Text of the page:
The purpose of this article is to review the literature that deals with the biomechanical analysis of the ankle during gait stance phase on slopes, on uneven and rock surfaces, on sand, and on grass surfaces, as well as to present the observed differences. Methods. The literature was searched in the databases of PubMed and Google Scholar, for the years of 2005–2015. The keywords were: biomechanics, gait analysis, ankle joint, stance phase, uphill walking, downhill walking, sand surface, uneven surface, grass surface, and ballast. Results. The kinetic and kinematic gait behaviour is directly influenced by the surface on which it is being performed. The uphill or downhill surfaces, the surfaces of stone, sand, grass, and uneven surfaces have a direct impact on the biomechanics on joints of the lower limb, changing the energy cost, muscle activation, the resulting mechanical work, ground reaction forces and balance, and the parameters of the gait cycle. All these changes are raising many questions about the safety and comfort of these surfaces. In the structures of the foot, ankle and lower leg high compressive and rotational forces are transmitted resulting in injuries in these regions. Conclusions. Each surface has its own advantages and disadvantages, changing the biomechanics of the lower extremity and particularly the ankle. According to the purpose that one wants to achieve they can choose a suitable surface. To prevent injuries and falls, we must choose shoes that fit well, are comfortable with cushioning, and have a feeling neither too hard nor too soft, with laces and low collar.
18. Hak L., Houdijk H., Steinbrink F., Mert A., van der Wurff P., Beek P.J., et al., Speeding up or slowing down? Gait adaptations to preserve gait stability in response to balance perturbations. Gait Posture, 2012, 36 (2), 260–264, doi: 10.1016/j.gaitpost.2012.03.005.
19. McAndrew P.M., Dingwell J.B., Wilken J.M., Walking variability during continuous pseudo-random oscillations of the support surface and visual field. J Biomech, 2010, 43 (8), 1470–1475, doi: 10.1016/j.jbiomech.2010.02.003.
20. Donelan J.M., Kram R., Kuo A.D., Mechanical and metabolic determinants of the preferred step width in human walking. Proc. Biol Sci, 2001, 268 (1480), 1985–1992, doi: 10.1098/rspb.2001.1761.
21. Voloshina A.S., Kuo A.D., Daley M.A., Ferris D.P., Biomechanics and energetics of walking on uneven terrain. J Exp Biol, 2013, 216 (21), 3963–3970. doi: 10.1242/jeb.081711.
22. Gates D.H., Wilken J.M., Scott S.J., Sinitski E.H., Dingwell J.B., Kinematic strategies for walking across a destabilizing rock surface. Gait Posture, 2012, 35 (1), 36–42, doi: 10.1016/j.gaitpost.2011.08.001.
23. Hausdorff J.M., Rios D.A., Edelberg H.K., Gait variability and fall risk in community-living older adults: a 1-year prospective study. Arch Phys Med Rehabil, 2001, 82 (8), 1050–1056, doi: 10.1053/apmr.2001.24893.
24. Maki B.E., Gait changes in older adults: predictors of falls or indicators of fear. J Am Geriatr Soc, 1997, 45 (3), 313–320, doi: 10.1111/j.1532-5415.1997.tb00946.x.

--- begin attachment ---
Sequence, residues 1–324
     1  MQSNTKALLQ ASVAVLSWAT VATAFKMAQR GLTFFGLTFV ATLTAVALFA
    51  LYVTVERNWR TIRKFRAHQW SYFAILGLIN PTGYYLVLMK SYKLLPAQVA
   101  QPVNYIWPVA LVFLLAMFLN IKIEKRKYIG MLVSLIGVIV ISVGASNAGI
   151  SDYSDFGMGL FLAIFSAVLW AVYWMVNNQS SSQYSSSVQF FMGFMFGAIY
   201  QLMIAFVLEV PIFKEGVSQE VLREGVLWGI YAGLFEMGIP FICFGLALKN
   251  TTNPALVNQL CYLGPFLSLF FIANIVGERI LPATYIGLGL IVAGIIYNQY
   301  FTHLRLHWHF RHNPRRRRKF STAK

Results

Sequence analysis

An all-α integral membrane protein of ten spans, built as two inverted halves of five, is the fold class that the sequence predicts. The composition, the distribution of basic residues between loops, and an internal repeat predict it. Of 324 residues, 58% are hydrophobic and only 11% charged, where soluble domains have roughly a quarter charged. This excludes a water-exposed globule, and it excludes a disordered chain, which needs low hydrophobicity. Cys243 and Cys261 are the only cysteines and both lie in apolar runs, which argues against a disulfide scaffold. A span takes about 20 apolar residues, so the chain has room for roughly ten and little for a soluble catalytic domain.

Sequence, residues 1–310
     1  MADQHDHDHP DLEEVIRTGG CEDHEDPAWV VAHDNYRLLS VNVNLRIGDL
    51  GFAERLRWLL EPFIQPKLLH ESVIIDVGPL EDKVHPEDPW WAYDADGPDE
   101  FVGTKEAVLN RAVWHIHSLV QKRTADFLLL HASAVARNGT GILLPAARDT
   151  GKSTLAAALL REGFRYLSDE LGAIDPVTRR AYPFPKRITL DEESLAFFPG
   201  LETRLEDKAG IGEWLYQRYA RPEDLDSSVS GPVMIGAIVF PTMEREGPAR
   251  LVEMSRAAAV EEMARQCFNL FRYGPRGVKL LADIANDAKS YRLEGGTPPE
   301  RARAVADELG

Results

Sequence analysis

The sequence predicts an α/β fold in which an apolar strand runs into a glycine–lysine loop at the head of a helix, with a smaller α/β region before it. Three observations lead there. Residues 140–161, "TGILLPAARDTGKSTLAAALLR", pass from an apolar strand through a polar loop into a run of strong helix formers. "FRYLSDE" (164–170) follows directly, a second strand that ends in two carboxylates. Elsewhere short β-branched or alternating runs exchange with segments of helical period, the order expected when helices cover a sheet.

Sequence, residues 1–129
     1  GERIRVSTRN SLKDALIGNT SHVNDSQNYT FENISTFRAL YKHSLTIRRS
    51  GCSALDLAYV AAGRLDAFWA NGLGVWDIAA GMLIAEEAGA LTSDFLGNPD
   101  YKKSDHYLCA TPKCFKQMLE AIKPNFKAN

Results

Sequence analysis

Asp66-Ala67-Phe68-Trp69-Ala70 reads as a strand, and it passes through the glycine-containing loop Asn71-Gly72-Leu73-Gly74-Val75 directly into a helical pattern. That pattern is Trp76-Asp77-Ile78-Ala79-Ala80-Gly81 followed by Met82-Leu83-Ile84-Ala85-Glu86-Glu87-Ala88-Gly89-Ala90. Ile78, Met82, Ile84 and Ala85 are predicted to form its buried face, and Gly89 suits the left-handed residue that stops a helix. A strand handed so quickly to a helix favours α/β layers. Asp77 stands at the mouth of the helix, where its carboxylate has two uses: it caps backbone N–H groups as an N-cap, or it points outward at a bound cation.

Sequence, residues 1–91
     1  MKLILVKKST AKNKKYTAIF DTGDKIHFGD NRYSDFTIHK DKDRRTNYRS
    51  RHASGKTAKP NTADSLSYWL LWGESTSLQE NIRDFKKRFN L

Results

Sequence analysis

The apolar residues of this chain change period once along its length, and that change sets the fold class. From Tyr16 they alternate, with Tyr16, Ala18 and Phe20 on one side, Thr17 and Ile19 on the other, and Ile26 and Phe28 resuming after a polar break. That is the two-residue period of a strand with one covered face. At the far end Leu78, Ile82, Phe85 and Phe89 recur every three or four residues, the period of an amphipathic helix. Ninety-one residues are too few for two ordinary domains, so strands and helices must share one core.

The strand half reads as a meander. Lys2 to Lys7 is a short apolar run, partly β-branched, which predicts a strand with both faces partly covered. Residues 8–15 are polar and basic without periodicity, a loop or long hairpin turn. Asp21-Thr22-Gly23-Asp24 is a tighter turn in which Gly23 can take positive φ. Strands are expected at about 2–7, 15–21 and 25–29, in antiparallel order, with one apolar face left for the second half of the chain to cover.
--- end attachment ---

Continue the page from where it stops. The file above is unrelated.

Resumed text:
25. Menz H.B., Lord S.R., Fitzpatrick R.C., Age-related differences in walking stability. Age Ageing, 2003, 32 (2), 137–142.
26. Menant J.C., Steele J.R., Menz H.B., Munro B.J., Lord S.R., Effects of walking surfaces and footwear on temporo-spatial gait parameters in young and older people. Gait Posture, 2009, 29 (3), 392–397, doi: 10.1016/j.gait-post.2008.10.057.
27. Andres R.O., Holt K.G., Kubo M., Impact of railroad ballast type on frontal plane ankle kinematics during walking. Appl Ergon, 2005, 36 (5), 529–534, doi: 10.1016/j.aper-go.2005.03.001.
28. Gaudino P., Gaudino C., Alberti G., Minetti A.E., Biomechanics and predicted energetics of sprinting on sand: hints for soccer training. J Sci Med Sport, 2013, 16 (3), 271–275, doi: 10.1016/j.jsams.2012.07.003.
29. Zamparo P., Perini R., Orizio C., Sacher M., Ferretti G., The energy cost of walking or running on sand. Europ J Appl Physiol, 1992, 65 (2), 183–187, doi: 10.1007/BF00705078.
30. Lejeune T.M., Willems P.A., Heglund N.C., Mechanics and energetics of human locomotion on sand. J Exp Biol, 1998, 201 (13), 2071–2080.
31. Dickinson S., The efficiency of bicycle-pedalling, as affected by speed and load. J Physiol, 1929, 67 (3), 242–255.
32. Pinnington H.C., Dawson B., The energy cost of running on grass compared to soft dry beach sand. J Sci Med Sport, 2001, 4 (4), 416–430, doi: 10.1016/S1440-2440(01)80051-7.
33. McMahon T.A., Greene P.R., The influence of track compliance on running. J Biomech, 1979, 12 (12), 893–904.
34. Ferris D.P., Farley C.T., Interaction of leg stiffness and surface stiffness during human hopping. J Appl Physiol, 1997, 82 (1), 15–22.
35. Leicht A.S., Crowther R.G., Pedometer accuracy during walking over different surfaces. Med Sci Sports Exerc, 2007, 39(10), 1847–1850, doi: 10.1249/mss.0b013e3181405b9f.
36. MacLellan G.E., Vyvyan B., Management of pain beneath the heel and Achilles tendonitis with visco-elasic heel inserts. Br J Sports Med, 1981, 15 (2), 117–121, doi: 10.1136/bjsm.15.2.117.
37. Shorten, M.R., Running shoe design: protection and performance. In: Pedoe D.T. (ed.), Marathon Medicine. Royal Society of Medicine, London 2000, 159–169.
38. Morgan D.W., Martin P.E, Krahenbuhl G.S., Factors affecting running economy. Sports Med, 1989, 7 (5), 310–330.
39. Menant J.C., Perry S.D., Steele J.R., Menz H.B., Munro B.J., Lord S.R., Effects of shoe characteristics on dynamic stability when walking on even and uneven surfaces in young and older people, Arch Phys Med Rehabil, 2008, 89 (10), 1970–1976, doi: 10.1016/j.apmr.2008.02.031.